Ipswich residents left waiting for new bus services

17 February 2022

The expansion of the bus network within Ipswich has not kept up with the population growth experienced within the city, with fewer bus routes and patronage lower than what it was a decade ago.

Growth, Infrastructure and Waste Committee Chairperson Ipswich Mayor Teresa Harding said while Ipswich is the fastest growing city in Queensland, a Council review shows the bus network has remained largely unchanged, and the Ipswich community deserves better.

“Council receives many requests to improve public transport services within Ipswich and in particular the bus services, and this report demonstrates that Ipswich residents have been left waiting for new bus services to arrive,” Mayor Harding said.

“Public transport services in Ipswich are the responsibility of the Queensland Government, administered by the TransLink and the Department of Transport and Main Roads (TMR).

“We need new bus services in Redbank Plains, as well as a new direct bus service linking the Ipswich CBD with Redbank Plains and Springfield Central.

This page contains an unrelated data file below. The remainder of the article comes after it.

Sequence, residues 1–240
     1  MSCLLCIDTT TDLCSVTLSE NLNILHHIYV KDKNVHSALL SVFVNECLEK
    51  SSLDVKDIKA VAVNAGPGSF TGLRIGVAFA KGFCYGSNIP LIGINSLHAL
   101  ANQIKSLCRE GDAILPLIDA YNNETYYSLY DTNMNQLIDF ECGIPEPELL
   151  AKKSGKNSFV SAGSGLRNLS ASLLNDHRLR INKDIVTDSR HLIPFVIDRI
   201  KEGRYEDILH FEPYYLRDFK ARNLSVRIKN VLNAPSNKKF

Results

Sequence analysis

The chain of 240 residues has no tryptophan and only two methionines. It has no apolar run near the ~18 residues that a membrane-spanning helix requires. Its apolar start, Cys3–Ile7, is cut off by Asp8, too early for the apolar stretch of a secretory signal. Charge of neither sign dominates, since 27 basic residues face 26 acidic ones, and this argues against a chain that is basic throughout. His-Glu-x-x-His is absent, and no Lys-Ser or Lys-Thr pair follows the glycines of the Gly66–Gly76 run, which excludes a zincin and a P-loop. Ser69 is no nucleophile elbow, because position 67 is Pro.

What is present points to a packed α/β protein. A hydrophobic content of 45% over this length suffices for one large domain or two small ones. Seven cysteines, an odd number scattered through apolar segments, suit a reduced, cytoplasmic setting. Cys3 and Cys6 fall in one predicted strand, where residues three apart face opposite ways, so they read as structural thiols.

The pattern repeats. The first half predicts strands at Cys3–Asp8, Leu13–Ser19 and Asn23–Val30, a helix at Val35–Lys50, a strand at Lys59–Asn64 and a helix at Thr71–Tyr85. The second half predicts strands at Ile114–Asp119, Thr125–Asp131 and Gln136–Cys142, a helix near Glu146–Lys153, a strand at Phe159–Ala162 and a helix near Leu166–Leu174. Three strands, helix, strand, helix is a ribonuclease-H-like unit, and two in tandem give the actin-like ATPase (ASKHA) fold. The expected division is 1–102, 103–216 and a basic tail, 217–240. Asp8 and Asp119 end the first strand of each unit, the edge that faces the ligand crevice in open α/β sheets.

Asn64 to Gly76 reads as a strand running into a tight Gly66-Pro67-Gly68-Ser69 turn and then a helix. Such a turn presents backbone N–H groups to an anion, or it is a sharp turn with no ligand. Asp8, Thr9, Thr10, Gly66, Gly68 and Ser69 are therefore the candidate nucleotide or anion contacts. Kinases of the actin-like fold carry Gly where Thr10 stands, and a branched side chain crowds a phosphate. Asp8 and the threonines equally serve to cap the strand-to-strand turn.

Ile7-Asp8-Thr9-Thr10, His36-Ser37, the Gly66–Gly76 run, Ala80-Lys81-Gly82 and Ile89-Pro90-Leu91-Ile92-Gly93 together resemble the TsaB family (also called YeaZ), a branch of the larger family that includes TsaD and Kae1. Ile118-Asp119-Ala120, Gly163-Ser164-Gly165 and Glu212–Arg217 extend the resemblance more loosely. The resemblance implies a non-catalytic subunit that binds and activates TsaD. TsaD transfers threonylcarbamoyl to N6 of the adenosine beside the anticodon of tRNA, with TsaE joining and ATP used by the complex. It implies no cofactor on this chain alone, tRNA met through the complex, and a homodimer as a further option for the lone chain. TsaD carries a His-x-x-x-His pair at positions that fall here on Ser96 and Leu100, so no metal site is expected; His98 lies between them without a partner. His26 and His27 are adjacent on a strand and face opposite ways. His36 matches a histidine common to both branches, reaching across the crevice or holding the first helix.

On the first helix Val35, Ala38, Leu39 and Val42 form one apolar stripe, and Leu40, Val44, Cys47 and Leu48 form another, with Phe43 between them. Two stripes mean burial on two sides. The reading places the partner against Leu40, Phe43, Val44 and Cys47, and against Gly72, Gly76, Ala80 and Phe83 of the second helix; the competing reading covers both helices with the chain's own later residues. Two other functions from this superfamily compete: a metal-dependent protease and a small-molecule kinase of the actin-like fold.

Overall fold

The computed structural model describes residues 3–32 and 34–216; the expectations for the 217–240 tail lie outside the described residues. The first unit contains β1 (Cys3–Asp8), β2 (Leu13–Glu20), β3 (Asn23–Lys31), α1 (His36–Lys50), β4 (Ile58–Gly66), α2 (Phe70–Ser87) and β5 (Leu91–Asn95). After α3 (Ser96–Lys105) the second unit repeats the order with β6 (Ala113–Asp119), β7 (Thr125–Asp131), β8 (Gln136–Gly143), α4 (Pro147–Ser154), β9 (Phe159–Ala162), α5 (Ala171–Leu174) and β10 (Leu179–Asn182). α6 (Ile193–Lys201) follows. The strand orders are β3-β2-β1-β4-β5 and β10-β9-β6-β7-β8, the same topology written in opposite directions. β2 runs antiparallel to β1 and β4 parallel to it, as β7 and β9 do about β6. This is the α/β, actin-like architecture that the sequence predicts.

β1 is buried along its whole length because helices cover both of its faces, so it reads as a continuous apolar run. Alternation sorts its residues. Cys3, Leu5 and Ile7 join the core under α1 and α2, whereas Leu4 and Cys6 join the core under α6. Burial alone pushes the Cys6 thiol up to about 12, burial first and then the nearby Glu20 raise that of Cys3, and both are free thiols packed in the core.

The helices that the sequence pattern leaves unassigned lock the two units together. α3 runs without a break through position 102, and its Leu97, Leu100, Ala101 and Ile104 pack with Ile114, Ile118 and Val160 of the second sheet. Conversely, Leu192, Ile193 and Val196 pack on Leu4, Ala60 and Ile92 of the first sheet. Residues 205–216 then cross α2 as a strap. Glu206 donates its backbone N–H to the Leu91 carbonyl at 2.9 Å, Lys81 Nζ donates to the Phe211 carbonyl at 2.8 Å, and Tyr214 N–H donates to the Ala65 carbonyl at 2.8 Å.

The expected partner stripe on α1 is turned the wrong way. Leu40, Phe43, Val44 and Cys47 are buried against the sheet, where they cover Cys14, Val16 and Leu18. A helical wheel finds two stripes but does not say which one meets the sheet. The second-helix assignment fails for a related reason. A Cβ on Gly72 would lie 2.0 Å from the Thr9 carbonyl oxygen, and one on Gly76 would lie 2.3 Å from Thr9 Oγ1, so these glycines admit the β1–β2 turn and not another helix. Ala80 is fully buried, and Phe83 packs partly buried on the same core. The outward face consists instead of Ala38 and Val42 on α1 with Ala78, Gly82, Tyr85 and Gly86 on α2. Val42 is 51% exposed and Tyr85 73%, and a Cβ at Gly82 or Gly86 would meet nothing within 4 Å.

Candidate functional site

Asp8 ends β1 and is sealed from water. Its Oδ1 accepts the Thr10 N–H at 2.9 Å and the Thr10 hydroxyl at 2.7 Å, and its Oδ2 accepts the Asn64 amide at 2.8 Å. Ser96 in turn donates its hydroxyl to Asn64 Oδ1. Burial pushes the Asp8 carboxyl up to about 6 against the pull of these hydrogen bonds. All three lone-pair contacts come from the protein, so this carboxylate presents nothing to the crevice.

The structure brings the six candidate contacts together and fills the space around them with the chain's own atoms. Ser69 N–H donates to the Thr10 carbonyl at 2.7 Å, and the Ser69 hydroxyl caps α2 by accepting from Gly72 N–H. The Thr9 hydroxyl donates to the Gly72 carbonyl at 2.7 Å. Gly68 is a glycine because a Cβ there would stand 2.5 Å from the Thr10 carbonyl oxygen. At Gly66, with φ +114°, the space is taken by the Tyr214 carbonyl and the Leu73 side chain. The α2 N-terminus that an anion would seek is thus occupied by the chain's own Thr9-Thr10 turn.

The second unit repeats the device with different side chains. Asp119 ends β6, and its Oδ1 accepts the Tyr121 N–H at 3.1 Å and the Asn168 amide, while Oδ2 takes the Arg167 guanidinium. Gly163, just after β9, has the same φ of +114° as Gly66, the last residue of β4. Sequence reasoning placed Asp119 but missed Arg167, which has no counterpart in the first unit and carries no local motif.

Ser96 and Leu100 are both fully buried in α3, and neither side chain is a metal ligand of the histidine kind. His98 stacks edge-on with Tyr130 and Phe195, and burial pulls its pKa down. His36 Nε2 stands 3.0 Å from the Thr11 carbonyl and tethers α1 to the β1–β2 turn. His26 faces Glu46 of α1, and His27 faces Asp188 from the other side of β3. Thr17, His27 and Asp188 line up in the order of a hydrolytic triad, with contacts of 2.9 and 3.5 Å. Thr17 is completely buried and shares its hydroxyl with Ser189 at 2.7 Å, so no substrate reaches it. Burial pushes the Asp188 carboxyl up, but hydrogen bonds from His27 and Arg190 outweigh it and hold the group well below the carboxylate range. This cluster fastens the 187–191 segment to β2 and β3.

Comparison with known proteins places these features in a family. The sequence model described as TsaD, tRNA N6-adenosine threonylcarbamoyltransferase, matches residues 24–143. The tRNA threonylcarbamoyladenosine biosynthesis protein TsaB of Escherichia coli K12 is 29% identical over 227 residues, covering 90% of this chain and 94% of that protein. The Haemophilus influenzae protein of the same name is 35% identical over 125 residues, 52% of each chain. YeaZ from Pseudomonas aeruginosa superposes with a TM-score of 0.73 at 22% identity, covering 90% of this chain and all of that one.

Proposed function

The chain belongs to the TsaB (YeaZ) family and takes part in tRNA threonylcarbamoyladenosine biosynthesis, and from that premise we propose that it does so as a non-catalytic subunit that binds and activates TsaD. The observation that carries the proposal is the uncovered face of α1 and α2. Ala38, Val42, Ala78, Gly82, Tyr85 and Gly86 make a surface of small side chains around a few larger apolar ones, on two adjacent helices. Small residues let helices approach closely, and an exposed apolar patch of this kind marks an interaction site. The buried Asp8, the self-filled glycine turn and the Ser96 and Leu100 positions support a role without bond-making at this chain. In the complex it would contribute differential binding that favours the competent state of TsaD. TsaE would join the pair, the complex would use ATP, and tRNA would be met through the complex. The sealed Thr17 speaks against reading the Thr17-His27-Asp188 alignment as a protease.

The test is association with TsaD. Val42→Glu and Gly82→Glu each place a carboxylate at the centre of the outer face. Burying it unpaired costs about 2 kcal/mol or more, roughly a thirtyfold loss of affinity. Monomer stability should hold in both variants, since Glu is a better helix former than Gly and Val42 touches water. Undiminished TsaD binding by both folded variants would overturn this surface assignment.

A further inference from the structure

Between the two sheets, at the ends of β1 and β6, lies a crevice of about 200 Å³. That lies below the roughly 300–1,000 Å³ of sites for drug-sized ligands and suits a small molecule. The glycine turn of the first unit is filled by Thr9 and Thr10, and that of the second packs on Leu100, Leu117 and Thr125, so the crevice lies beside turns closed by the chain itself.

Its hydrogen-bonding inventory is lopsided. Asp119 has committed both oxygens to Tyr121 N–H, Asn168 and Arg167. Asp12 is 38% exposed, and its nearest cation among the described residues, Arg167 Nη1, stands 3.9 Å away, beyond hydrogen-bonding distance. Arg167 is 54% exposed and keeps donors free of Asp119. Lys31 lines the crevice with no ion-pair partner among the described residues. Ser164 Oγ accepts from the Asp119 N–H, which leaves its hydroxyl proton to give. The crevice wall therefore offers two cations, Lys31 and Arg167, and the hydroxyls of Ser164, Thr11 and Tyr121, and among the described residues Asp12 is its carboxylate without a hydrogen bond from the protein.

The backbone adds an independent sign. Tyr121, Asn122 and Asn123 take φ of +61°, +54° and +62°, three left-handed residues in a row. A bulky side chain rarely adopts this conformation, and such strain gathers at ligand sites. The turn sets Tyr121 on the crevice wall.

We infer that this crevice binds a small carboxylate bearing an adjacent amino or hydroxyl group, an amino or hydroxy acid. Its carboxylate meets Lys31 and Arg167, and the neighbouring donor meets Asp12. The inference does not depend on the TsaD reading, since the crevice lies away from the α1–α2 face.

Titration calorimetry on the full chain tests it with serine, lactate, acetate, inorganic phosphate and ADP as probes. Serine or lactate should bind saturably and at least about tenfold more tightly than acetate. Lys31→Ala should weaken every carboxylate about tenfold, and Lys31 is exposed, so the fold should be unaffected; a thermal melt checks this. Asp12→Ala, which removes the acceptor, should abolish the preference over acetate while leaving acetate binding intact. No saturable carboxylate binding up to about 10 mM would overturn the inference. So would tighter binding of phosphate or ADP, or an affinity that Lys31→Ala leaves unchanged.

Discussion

“The bus services currently on offer in these booming suburbs are not meeting the needs of our residents. With the Ipswich to Springfield Central Public Transport Corridor (I2S) project still some years away, it is critical we have an efficient bus network in place to keep up with Ipswich’s growth.

“We need a plan for more services, better routes, and greater access to public transport now: the Ripley Valley region is the fastest growing community in Queensland, and residents need to know when their ticket to ride will arrive.”

Compared with other regions in South East Queensland, Ipswich (Western Region) has the smallest bus service contract spend by the Department of Transport and Main Roads (TMR) of about $106 per resident, correlating with the lowest number of urban bus routes at 18.

Growth, Infrastructure and Waste Committee Deputy Chairperson Councillor Paul Tully said that over the last decade, only eight bus routes in Ipswich have experienced improvements to routing or frequency.

“When the bus service has limited operating hours with low frequency, long journey times, indirect routes and don’t go to where the most people need them, people won’t use them,” Cr Tully said.

“Public transport is not only a means to relieving traffic congestion, but it also plays a significant role in supporting Ipswich’s economic success by connecting people to jobs and services, moving residents around the region, and reducing isolation and social exclusion.”

The report, tabled at the Growth, Infrastructure and Waste Committee (Item 2) meeting on 10 February, can be found on Council’s website here.